• How and why we implement Intercom to only load when required (maintaining the privacy of our users)

At Spaces we’ve been looking into various way of offering support. Intercom seemed to be a great solution, but we were surprised to see the lack of privacy, in that they record personal information for anyone who simply sign in by default.

The Intercom rails gem collected user id, email, name, and sign up date by default. We contacted them about how we could increase the privacy, and the response was in short that we had to use their API with a far worse UX, if we even could get that to work in the first place.

Why this is a problem

We felt this was an unnecessary, to not say outright wrong handling of our users personal information. These kind of data should only ever be send to third-party when the user actively seeks out help through that third-party (thus actively accepting to share information, so we can provide this service).

The 101 of privacy on the internet is to trust no one. It’s not a question about if a company intentionally or unintentionally shares personal data. Any company can, and eventually will, fall into the grey zone of poor data handling. In particular, we’ve seen startups with little care for their customers personal information, and this is why the taste in our mouth is so bad when we discovered such data collection.

We encourage people to be suspicious of us at Spaces, because even with our best intention we may, and probably will, make mistakes in handling our users information. It happens when trying to balance user experience with privacy. A good way of handling your privacy is to have an email alias to use when registering at services, instead of using your personal email. Obviously, facebook and twitter auths offers us more details, but as long as you take proper care of your information there as well you should still be good.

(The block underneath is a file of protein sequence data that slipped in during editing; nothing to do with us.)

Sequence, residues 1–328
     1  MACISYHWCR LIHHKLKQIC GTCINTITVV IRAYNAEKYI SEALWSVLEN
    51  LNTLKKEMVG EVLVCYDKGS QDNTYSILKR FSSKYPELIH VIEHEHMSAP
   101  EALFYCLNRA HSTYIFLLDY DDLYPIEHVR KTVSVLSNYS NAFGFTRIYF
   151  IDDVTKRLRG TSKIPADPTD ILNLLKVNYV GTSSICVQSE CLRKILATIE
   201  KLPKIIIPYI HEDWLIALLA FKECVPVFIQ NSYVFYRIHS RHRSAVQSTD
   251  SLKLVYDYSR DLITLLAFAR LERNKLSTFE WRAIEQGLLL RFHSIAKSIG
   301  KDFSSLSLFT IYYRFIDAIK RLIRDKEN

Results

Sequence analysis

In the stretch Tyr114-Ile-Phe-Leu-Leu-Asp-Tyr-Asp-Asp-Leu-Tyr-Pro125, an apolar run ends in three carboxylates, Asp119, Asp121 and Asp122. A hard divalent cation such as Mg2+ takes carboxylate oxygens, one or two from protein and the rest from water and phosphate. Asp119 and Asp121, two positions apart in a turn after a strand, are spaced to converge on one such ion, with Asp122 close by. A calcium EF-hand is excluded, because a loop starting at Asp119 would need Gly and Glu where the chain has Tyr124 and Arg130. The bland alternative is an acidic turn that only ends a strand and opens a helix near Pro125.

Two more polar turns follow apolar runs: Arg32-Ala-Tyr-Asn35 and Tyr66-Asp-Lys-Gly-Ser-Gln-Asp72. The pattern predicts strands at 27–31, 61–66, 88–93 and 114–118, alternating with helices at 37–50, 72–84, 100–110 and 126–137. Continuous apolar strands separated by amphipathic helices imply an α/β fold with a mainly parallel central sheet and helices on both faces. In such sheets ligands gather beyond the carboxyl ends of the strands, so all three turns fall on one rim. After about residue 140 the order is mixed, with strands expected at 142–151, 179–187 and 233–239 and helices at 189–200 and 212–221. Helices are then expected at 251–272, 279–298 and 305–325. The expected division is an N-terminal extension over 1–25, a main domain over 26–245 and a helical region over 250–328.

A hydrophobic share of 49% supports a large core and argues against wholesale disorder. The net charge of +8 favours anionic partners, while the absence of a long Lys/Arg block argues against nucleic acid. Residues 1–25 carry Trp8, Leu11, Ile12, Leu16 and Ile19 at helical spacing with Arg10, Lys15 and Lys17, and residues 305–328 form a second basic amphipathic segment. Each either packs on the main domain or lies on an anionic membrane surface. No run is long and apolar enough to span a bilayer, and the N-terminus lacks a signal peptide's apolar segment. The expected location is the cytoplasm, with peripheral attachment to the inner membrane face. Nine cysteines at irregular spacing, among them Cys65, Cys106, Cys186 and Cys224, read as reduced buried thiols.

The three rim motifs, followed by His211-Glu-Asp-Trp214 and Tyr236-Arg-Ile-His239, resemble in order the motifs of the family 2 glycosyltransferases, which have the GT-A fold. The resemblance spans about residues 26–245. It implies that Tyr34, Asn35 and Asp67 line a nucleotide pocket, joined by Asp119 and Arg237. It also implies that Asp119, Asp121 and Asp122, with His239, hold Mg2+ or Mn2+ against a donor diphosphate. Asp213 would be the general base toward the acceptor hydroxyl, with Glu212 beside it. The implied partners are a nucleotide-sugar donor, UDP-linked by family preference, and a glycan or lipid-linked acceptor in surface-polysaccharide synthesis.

A solution

This is how we did it in Rails 4.

This is the view for the intercom code:

<% if current_user and current_user.permitted_sharing_intercom? %>
  window.intercomSettings = {
    name: "<%= escape_javascript current_user.name %>",
    email: "<%= escape_javascript current_user.email %>",
    created_at: "<%= escape_javascript current_user.created_at.to_i.to_s %>",
    app_id: "<%= escape_javascript Rails.application.secrets.intercom_app_id %>"
<script>(function(){var w=window;var ic=w.Intercom;if(typeof ic==="function"){ic('reattach_activator');ic('update',intercomSettings);}else{var d=document;var i=function(){i.c(arguments)};i.q=[];i.c=function(args){i.q.push(args)};w.Intercom=i;function l(){var s=d.createElement('script');s.type='text/javascript';s.async=true;s.src='https://widget.intercom.io/widget/<%= Rails.application.secrets.intercom_app_id %>';var x=d.getElementsByTagName('script')[0];x.parentNode.insertBefore(s,x);return s;}if(w.attachEvent){w.attachEvent('onload',l);}else{w.addEventListener('load',l,false);}
    <% if local_assigns[:async_load] %>
            s = l();
    <% end %>
<% else %>
<%= link_to permit_sharing_intercom_path, remote: true, id: "intercom-share-launcher", method: :post do %>
<% end %>
<% end %>

As you can see we’ve a method to our user called permitted_sharing_intercom? to check if they have accepted beforehand or not. Additionally, we’ve modified the intercom js a bit, so that the intercom sidepanel will show up once loaded, as well as hide the previous link. In the controller we’re handling the AJAX call like this:

def permit_sharing_intercom

    respond_to do |format|
      format.json { render json: {
        success: true,
        html: render_to_string('layouts/_intercom', formats: ["html"], layout: false, locals: { async_load: true })
      } }
      format.all {
        redirect_to edit_user_registration_path

This is the CoffeeScript we use to handle the link to permit sharing. We’re making an eval on each script method. Please note that this might be a security issue, so be very aware of how you’re using it in your own situation.

$(document).ready =>
    $("#intercom-share-launcher").on("ajax:send", (e, data, status, xhr) ->
    $("#intercom-share-launcher").on("ajax:complete", (e, data, status, xhr) ->
    $("#intercom-share-launcher").on("ajax:success", (e, data, status, xhr) ->
        div = document.createElement('div')
        div.innerHTML = data.html
        for el in div.querySelectorAll("script")

Update (12th of Jan, 2015): We’ve removed Intercom from Spaces.

The Author

Dan Schultzer is an active experienced entrepreneur, starting the Being Proactive groups, Dream Conception organization, among other things. You can find him at twitter

Like this post? More from Dan Schultzer

Comments? We would love to hear from you, write us at @dreamconception.